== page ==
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Cavs Notes

NBA Finals Notes: Warriors lineup change in Game 2 pays off as JaVale McGee scores 12 points and doesn't miss

  • NBA-Finals-Cavaliers-Warriors-Basketball-11

    LeBron James drives against Golden State's Stephen Curry during the first half of Game 2 on Sunday in Oakland, Calif.

    AP

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Golden State coach Steve Kerr made a lineup change for the Warriors in Game 2 of the NBA Finals, going with 7-foot big man JaVale McGee in the starting lineup in place of Kevon Looney.

The move paid off with McGee scoring 12 points on 6-of-6 shooting.

McGee started the second half of Game 1 and had two baskets in a spirited six-minute stint. He played only three minutes in the conference finals against Houston, when Golden State went with smaller lineups to match the Rockets’ perimeter shooters.

McGee’s size could help against the Cavaliers’ big lineup that includes LeBron James, Kevin Love and Tristan Thompson. Kerr said the Warriors can’t just sit back and let James attack, and the Warriors need a better effort on the backboards after getting outrebounded 53-38 in Game 1.

Golden State’s Andre Iguodala did not play Sunday, missing his sixth straight postseason game with a bone bruise in his left knee.

Kerr remains optimistic the 2015 Finals MVP will play at some point in the series.

James says the Warriors are pretty good with Iguodala, and pretty good without him.

The Cavaliers All-Star said the Warriors have “had a two-time MVP sit out playoff games and they’ve won. ... They’re good. They’re great, actually. So let’s not get too far on that.”

It’s officials

David Guthrie, welcome to the NBA Finals.

Guthrie made his Finals debut as a referee in Game 2. He worked alongside Mike Callahan — who is the most experienced referee assigned to this series.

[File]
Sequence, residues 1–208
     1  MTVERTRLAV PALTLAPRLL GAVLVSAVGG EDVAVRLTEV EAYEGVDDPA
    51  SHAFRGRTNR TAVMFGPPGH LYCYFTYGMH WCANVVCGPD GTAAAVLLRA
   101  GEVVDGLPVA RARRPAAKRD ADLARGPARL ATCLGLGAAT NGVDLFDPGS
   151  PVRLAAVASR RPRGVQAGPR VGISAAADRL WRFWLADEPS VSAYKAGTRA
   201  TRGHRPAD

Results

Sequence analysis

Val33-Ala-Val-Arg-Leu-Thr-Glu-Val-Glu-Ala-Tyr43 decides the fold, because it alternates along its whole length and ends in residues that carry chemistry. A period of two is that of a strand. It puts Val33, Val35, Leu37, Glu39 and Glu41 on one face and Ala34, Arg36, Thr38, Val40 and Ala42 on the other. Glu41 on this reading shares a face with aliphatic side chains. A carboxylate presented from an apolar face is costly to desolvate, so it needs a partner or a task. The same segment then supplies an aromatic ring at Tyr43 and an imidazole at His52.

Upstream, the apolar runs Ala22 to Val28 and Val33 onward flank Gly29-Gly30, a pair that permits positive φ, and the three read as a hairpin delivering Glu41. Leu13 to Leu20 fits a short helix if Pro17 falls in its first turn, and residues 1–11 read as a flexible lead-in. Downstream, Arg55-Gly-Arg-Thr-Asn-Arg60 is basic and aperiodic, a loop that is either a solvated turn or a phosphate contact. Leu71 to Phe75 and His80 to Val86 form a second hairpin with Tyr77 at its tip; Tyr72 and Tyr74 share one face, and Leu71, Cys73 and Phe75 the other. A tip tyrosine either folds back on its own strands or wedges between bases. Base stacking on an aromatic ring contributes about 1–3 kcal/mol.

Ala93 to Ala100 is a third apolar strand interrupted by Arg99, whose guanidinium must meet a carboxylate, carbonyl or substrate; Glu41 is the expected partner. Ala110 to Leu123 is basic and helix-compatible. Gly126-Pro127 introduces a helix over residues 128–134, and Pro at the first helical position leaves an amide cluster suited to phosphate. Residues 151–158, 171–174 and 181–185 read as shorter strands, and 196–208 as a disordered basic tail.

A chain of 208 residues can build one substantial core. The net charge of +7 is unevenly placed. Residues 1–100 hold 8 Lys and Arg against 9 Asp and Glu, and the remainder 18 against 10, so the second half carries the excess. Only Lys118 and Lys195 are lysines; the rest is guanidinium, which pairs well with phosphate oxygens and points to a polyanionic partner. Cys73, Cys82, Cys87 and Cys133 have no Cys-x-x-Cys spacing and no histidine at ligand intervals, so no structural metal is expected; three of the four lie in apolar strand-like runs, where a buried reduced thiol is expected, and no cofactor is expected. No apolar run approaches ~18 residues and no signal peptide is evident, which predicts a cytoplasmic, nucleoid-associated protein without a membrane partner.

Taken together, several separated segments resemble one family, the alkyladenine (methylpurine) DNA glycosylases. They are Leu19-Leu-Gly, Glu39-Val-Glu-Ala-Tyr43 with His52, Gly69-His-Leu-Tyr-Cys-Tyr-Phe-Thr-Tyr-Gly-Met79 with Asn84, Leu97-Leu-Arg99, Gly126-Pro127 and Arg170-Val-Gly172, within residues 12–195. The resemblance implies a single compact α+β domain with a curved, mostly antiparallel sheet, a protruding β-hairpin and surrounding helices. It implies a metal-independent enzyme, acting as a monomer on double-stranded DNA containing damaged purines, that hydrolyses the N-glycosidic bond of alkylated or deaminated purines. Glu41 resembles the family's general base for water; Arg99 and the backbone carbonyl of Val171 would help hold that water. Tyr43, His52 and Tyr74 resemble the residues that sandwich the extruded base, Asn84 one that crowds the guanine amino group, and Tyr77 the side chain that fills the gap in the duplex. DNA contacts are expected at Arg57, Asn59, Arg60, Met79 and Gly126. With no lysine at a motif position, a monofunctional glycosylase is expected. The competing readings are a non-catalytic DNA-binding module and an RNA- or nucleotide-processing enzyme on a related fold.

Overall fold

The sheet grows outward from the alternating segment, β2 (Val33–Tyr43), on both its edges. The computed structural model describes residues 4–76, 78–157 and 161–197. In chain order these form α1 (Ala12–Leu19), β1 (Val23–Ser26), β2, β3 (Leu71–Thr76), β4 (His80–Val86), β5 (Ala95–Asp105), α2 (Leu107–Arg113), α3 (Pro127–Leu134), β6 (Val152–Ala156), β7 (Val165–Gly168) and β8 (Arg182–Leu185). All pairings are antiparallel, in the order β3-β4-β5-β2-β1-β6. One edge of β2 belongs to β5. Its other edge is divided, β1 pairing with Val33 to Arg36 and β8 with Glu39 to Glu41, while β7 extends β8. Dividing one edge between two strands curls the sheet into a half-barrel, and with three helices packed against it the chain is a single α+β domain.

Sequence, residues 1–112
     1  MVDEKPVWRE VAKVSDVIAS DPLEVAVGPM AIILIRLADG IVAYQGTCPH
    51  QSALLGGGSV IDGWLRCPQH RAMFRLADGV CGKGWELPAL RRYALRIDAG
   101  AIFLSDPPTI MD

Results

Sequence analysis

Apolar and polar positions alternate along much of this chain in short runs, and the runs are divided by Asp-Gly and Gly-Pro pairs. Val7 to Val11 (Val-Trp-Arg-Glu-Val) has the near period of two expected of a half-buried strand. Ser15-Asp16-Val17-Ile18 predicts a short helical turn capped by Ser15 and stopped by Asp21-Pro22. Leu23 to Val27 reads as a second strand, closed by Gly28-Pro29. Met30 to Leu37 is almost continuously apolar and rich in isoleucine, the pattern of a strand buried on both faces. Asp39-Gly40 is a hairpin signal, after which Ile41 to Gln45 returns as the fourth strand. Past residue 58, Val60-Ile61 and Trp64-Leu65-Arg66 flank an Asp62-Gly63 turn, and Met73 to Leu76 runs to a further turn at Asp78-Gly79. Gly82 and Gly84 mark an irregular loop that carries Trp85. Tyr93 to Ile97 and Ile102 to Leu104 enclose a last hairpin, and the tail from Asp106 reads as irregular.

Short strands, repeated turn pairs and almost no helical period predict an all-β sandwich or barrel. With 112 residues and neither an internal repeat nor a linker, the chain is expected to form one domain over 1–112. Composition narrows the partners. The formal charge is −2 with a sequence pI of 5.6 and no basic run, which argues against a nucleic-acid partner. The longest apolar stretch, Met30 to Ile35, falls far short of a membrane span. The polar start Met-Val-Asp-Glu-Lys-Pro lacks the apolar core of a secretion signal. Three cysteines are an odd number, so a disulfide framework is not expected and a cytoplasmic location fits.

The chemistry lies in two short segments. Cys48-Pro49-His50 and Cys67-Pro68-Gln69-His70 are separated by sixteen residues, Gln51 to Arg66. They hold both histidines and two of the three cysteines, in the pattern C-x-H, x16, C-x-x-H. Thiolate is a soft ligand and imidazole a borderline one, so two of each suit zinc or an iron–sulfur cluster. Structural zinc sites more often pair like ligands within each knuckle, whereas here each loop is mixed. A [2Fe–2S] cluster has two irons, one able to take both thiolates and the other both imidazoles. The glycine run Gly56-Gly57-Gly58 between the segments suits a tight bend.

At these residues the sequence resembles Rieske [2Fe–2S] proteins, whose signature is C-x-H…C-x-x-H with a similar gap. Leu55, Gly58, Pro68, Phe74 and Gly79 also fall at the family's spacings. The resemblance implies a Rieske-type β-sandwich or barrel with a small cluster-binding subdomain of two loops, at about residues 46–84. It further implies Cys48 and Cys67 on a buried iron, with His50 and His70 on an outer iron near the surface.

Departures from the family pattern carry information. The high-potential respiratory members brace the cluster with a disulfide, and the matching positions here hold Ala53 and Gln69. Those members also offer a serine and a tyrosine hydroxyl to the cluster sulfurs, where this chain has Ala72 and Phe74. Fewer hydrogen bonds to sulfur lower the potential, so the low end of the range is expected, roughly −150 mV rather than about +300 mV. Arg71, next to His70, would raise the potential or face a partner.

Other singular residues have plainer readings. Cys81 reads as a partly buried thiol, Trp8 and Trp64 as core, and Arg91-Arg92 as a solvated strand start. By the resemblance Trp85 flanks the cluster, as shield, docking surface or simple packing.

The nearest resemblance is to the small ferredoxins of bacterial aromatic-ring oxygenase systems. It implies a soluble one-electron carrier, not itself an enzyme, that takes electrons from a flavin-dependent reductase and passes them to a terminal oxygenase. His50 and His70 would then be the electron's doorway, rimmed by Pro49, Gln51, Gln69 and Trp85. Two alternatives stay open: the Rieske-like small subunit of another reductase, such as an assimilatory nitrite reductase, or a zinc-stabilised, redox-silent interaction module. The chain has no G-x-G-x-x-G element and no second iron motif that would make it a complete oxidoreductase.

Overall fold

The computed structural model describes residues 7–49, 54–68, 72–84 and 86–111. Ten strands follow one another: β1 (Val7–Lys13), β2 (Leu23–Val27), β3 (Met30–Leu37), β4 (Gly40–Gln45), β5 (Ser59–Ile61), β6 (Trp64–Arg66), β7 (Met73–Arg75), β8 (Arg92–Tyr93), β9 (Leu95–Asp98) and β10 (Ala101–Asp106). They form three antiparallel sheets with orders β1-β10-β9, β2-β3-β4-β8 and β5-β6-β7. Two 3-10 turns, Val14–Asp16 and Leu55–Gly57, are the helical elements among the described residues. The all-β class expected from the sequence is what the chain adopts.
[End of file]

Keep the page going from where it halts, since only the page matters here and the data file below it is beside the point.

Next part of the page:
Callahan worked his 20th Finals game.

Also part of the crew was Derrick Stafford, who was picked as a Finals ref for the eighth time.

Officiating was likely more closely scrutinized than usual in Game 2. The crew of Ken Mauer, Ed Malloy and Tony Brothers was criticized for late-game decisions in Game 1, such as the overturning of a block-charge call involving James and Kevin Durant and the ejection of Thompson in the final seconds.

Santana again

It’s the fourth straight NBA Finals for the Cleveland Cavaliers. It’s the fourth straight NBA Finals for the Golden State Warriors.

And it was the fourth straight NBA Finals for Carlos Santana.

Santana and his wife Cindy performed “The Star-Spangled Banner” before Game 2 at Oracle Arena. It was the fourth straight Finals that Santana, a 10-time Grammy winner and three-time Latin Grammy winner, has played the anthem before the second game on the Warriors’ home floor.

Santana told The Associated Press: “We take whatever is offered to us and we’re very grateful, Cindy and I, that they invited us to be part of this. I call it ‘unprecedented brilliance.’”

Santana was born in Mexico and settled in the San Francisco area when he came to the United States. He said he appreciates greatness in all forms — the Warriors, James, as well as the careers of Tiger Woods and Serena Williams.



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